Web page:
During the past decades, researchers have been questioning the regularities of human illness patterns in order to establish the main factors of disease development in the human body. At first, scientists had a tendency to compare human health conditions on the basis of the health state of other people. It was in 1961 when Dunn proposed a four-quadrant matrix, the primary purpose of which was to show interdependence between humans’ environment and well-being and patterns of their health conditions (Edelman & Kudzma, 2018). The main purpose of this paper is to analyze Dunn’s health-illness continuum as well as to apply its regularities to the personal experience. Hence, it may be defined to which quadrant it currently belongs and what measures need to be taken towards its improvement.
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The modern healthcare system proves that people’s overall health, to a great extent, depends on the environment and various personal characteristics. The Health-illness continuum shows that human beings can potentially fall into four major categories, varying between the individual level of well-being and type of environment in terms of their favorability. Thus, people with a high level of well-being and a favorable environment tend to live rather healthy lives, while people with the opposite ratio mostly suffer from various diseases. Such a paradigm can be proved with the help of the healthcare system with its relatively high prices for health insurance, unreachable for a considerable population number.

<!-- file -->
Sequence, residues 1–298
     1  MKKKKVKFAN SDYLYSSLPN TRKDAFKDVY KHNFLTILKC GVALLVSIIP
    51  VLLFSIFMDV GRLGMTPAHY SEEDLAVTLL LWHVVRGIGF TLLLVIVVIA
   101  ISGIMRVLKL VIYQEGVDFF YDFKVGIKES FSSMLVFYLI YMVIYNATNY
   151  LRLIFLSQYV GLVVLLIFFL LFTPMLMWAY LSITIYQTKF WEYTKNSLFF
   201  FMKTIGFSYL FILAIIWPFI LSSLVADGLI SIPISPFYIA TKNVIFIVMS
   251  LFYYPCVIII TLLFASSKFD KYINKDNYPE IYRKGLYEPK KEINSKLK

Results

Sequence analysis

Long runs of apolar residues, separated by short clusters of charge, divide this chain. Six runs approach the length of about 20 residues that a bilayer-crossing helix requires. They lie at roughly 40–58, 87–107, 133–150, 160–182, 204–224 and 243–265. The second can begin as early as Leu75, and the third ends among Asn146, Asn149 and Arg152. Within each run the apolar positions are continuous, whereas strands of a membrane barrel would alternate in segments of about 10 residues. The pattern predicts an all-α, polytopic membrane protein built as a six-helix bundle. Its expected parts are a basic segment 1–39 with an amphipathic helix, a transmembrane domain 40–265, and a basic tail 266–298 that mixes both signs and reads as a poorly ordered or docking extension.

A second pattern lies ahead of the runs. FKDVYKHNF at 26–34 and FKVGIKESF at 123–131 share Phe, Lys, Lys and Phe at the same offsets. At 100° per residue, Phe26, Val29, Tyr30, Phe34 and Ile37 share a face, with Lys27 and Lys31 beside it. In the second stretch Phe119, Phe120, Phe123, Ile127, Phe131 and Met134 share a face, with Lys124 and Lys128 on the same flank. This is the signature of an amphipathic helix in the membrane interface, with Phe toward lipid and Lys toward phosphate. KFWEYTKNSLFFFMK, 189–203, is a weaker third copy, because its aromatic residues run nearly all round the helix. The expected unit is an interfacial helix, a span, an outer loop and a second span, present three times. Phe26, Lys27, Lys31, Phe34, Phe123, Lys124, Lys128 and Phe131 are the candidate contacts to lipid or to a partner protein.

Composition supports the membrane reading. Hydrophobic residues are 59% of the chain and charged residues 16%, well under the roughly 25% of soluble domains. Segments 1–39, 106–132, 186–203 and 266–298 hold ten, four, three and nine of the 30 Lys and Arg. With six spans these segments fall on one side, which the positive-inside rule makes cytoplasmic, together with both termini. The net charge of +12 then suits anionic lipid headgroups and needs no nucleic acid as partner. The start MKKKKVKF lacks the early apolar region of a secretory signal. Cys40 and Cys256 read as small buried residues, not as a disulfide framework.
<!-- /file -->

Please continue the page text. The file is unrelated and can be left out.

Although the health-illness continuum is visible on almost any aspect of human health, the most concerning issue is now closely connected to mental health. People do not pay much attention and finance to the health aspect that interferes with the development of a great number of chronic diseases. The notion of positive health, crucial for the development of a healthy lifestyle, presupposes that a human being is capable of understanding and acceptance of all the mental processes happening in his or her brain (Van Erp Taalman Kip & Hutschemaekers, 2018). Thus, in order to reach the quadrant of absolute well-being, people should put themselves in an environment with a low probability of stressful situations.
Speaking of the notion of mental health on a personal level, I should say that the general level of my well-being falls into the positive half of the matrix. However, the issue of the environment contributes a lot to the overall deterioration of my health state.
The level of stressful events is, to a great extent, triggering my mental and, consequently, physical condition. Researchers claim that an appropriate medical intervention in a health follow-up is a direct way to improve the patient’s overall condition (Worawong, Borden, Cooper, Pérez, & Lauver, 2017). Hence, consulting with specialists about the coping mechanisms to deal with stress would be the most rational thing to do. In such a way, the current level of academic strain and personal concerns would be reduced, and as a result, I would not suffer from overload implications.
To sum everything up, in the 21st century, the notion of health is connected to environmental factors as never before. As long as people underestimate the interrelation of both mental and physical well-being, they will continue to be affected by diseases that could have easily been prevented by paying more attention to one’s surroundings. The two key factors of a healthy lifestyle, including well-being and environment, are only beneficial when they go in symbiosis without prevailing with each other.
Edelman, C.L., & Kudzma, E.C. (2018). Health promotion throughout the life span. Toronto, Canada: Elsevier.
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Van Erp Taalman Kip, R.M., & Hutschemaekers, G. J.M. (2018). Health, well-being, and psychopathology in a clinical population: Structure and discriminant validity of mental health continuum short form (MHC-SF). J. Clin Psychology, 74(10), 1719-1729.
Worawong, C, Borden, M.J., Cooper, K.M., Pérez, O.A., & Lauver, D. (2017). Evaluation of a person-centered, theory-based intervention to promote health behaviors. Nursing Research, 67(1), 6-15.